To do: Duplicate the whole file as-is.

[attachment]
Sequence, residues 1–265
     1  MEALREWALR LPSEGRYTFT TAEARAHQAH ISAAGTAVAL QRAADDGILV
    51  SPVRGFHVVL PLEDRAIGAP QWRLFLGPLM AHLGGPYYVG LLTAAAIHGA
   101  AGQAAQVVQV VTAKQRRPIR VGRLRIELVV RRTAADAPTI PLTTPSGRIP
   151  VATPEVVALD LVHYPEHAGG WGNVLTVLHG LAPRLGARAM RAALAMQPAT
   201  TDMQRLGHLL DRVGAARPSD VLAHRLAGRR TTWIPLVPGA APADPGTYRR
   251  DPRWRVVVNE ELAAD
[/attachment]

Sequence, residues 1–265
     1  MEALREWALR LPSEGRYTFT TAEARAHQAH ISAAGTAVAL QRAADDGILV
    51  SPVRGFHVVL PLEDRAIGAP QWRLFLGPLM AHLGGPYYVG LLTAAAIHGA
   101  AGQAAQVVQV VTAKQRRPIR VGRLRIELVV RRTAADAPTI PLTTPSGRIP
   151  VATPEVVALD LVHYPEHAGG WGNVLTVLHG LAPRLGARAM RAALAMQPAT
   201  TDMQRLGHLL DRVGAARPSD VLAHRLAGRR TTWIPLVPGA APADPGTYRR
   251  DPRWRVVVNE ELAAD